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Our Favorite Play Dough Recipe

  • August 20, 2019
  • By Donielle
Our Favorite Play Dough Recipe

What is soft and squishy, smells great, and provides hours of fun? What provides neuro-feedback to little brains and develops fine motor skills? And what strengthens little hands, promotes creativity, and stretches imagination? Three cheers for humble, homemade play dough!

Our favorite play dough recipe can be made from items likely sitting in your pantry right now. Making this wonder goo can be a shared activity for you and your preschooler or a science activity for an older child to make by themselves.

We decorated our play dough mountain with things picked up on our nature walk.

Got Tea?

I am a tea lover. Tea is my go-to beverage. I like it iced. And I like it hot. I like it with bubbles (tapioca pearls). And I don’t like chamomile tea. I have my reasons. So, if you have a couple of tea bags in your pantry that you are not going to drink, this recipe is perfect for using them up.

A Year of Playing Skillfully

I got the idea for this recipe from my new favorite preschool curriculum, a thick volume packed with colorful pictures and chock full of ideas for promoting educational development in preschoolers the way they learn best – by playing! It is called A Year of Playing Skillfully. Yes, it is pricey, but I think it is worth it. They offer a free month download of their curriculum and I encourage you to try it. I was hooked.

Try both their herbal tea recipe and mine! The book has some great ideas on how to use the play dough differently on successive days, so the activities stay fresh and new.

Our favorite use of this play dough was to form a mountain and a bear out of it, decorate the mountain with things from the backyard to make it look like a forest, and then sing “The Bear Went Over the Mountain” , with our little bear acting out the lyrics. Incorporating music and poetry wherever you can fit it in, naturally helps develop language skills.

Play dough bear going over our play dough mountain!

Botanical Play Dough Recipe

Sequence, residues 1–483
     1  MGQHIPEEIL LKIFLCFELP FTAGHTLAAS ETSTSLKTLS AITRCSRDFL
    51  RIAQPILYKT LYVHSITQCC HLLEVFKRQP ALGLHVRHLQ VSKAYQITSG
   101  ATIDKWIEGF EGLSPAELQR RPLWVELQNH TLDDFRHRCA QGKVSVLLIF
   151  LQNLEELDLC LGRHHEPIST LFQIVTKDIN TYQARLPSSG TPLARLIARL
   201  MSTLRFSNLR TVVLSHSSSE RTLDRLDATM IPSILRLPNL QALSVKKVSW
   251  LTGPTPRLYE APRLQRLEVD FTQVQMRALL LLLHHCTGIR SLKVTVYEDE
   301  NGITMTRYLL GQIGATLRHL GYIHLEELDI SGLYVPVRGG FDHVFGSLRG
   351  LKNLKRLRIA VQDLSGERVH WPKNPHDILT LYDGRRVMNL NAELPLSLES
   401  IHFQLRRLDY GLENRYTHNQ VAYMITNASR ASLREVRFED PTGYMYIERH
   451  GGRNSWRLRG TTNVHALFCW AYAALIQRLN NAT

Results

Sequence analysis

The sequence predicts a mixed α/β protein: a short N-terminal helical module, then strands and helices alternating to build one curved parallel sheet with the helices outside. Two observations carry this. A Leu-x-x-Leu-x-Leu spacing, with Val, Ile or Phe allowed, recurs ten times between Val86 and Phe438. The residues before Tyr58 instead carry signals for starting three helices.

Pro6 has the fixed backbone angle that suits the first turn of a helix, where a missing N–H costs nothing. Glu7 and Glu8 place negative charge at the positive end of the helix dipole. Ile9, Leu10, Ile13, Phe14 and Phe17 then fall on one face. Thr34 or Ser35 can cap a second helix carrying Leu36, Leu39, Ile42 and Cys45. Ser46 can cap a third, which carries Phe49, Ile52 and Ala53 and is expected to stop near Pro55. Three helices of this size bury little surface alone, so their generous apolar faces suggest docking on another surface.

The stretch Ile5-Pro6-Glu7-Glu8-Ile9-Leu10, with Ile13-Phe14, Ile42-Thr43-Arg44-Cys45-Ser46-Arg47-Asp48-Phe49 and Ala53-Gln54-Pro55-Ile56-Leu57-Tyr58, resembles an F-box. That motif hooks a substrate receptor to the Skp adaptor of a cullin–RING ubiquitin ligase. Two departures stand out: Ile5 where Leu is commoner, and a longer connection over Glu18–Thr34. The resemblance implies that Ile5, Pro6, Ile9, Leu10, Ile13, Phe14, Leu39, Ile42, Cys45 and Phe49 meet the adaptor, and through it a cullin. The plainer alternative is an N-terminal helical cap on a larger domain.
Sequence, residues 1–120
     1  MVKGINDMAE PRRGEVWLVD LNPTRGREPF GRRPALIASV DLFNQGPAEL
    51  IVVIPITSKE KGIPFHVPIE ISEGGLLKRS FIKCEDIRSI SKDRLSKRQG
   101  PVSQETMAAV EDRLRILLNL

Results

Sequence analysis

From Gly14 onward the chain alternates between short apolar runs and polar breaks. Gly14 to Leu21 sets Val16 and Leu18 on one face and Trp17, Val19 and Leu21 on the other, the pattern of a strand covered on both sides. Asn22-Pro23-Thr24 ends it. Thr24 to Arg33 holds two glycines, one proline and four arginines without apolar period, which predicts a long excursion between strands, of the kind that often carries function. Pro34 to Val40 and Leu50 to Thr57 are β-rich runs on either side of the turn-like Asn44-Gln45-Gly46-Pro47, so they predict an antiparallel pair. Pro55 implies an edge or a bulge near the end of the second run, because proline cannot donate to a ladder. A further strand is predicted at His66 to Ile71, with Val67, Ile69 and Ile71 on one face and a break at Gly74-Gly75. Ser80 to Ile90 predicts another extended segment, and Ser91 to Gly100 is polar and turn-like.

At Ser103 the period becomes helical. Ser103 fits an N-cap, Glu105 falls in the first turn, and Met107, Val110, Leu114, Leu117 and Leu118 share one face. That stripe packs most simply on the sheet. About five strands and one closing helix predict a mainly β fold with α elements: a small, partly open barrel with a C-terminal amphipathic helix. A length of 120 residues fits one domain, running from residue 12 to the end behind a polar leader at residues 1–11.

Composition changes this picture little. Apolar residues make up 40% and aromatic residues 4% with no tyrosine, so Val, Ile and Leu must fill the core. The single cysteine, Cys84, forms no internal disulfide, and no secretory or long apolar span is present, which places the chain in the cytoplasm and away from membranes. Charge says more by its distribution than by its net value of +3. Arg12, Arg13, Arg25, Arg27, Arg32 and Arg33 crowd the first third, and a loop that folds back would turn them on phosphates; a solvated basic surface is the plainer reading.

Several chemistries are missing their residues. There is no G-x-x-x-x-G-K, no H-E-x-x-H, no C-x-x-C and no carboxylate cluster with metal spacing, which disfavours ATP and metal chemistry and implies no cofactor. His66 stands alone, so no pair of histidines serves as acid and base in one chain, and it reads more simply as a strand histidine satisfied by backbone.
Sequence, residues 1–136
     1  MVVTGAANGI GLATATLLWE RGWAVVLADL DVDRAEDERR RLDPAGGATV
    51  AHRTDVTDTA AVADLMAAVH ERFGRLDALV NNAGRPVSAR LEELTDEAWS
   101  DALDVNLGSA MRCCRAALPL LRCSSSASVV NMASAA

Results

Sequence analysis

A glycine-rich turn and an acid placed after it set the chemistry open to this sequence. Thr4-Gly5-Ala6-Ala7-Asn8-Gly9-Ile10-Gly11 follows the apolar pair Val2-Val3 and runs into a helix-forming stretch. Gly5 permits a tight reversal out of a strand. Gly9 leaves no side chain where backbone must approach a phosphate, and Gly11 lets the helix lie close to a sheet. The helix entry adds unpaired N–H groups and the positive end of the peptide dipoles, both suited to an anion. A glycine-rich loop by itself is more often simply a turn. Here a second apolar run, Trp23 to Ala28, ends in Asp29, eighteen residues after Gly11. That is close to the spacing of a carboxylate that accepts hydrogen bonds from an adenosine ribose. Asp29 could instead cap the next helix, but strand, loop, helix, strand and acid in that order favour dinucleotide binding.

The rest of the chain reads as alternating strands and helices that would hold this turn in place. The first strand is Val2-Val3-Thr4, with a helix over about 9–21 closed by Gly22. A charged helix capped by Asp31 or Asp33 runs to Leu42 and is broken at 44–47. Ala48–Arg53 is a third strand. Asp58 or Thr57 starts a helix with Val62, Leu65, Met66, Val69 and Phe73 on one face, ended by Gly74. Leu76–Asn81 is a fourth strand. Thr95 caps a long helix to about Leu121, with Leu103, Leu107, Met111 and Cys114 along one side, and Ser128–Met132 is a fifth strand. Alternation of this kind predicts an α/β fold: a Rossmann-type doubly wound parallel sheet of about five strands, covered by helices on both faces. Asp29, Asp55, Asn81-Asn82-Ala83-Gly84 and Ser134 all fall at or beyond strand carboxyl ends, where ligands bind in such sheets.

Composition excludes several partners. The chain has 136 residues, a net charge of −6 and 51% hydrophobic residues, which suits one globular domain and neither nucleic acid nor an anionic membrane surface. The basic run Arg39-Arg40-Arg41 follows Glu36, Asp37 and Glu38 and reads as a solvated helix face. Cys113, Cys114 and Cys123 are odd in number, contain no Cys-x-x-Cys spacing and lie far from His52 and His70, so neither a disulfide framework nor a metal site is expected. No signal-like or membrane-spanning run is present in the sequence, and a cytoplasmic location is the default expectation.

I encourage you to use whatever herbs you grow in your garden (drying or dehydrating them first), or even try herbs from your kitchen drawer. We used rose petals from an all natural potpourri and lavender from all natural drawer sachets. Do not use generic, mass produced potpourris because they rely on skin and eye irritating oils for scent.

Use whatever teas you have. Most people do not have the loose tea collection that I have laying around. No worries, just open up several tea bags! Edible flower petals are optional. Lay them out on a tray in a sunny spot a few days before, to dry, or pop them in the dehydrator for a few hours, or even on the lowest setting of your oven for an hour or two. What’s Cooking America has a fairly comprehensive list of what is safe in the flower world. If in doubt, leave it out. This play dough is terrific with fewer add-ins, too.

Botanical Play Dough

2 to 3 Tablespoons loose tea (black, chai, green, herbal: the stronger the
scent and the more colorful the tea, the more sensory the experience will be)

2 cups of water

2 cups white flour

1/2 cup salt

4 Tablespoons cream of tartar

1 Tablespoon oil (I use coconut oil)

6 Tablespoons dried herbs of you choice (mint, very finely minced lemongrass, or oregano are nice choices)

3 Tablespoons dried flower petals (edible varieties only, just in case you have a play dough nibbler: rose, hibiscus, lavender, nasturtiums, and impatiens are safe choices you may find in your yard)

Bring the two cups of water, with the tea, just to a boil. Turn off heat and let steep for several minutes. Meanwhile measure out dry ingredients and oil. Next, add the dry ingredients and oil to the pan, turning the heat back on and stirring constantly until significantly thickened, about 3 minutes.

Remove from heat and spoon out onto a surface dusted with flour. Knead the dough until it feels the consistency of play dough. Finally, when cooled enough for your child to touch, let them knead in herbs first and flower petals last. Enjoy!

By Donielle, August 20, 2019
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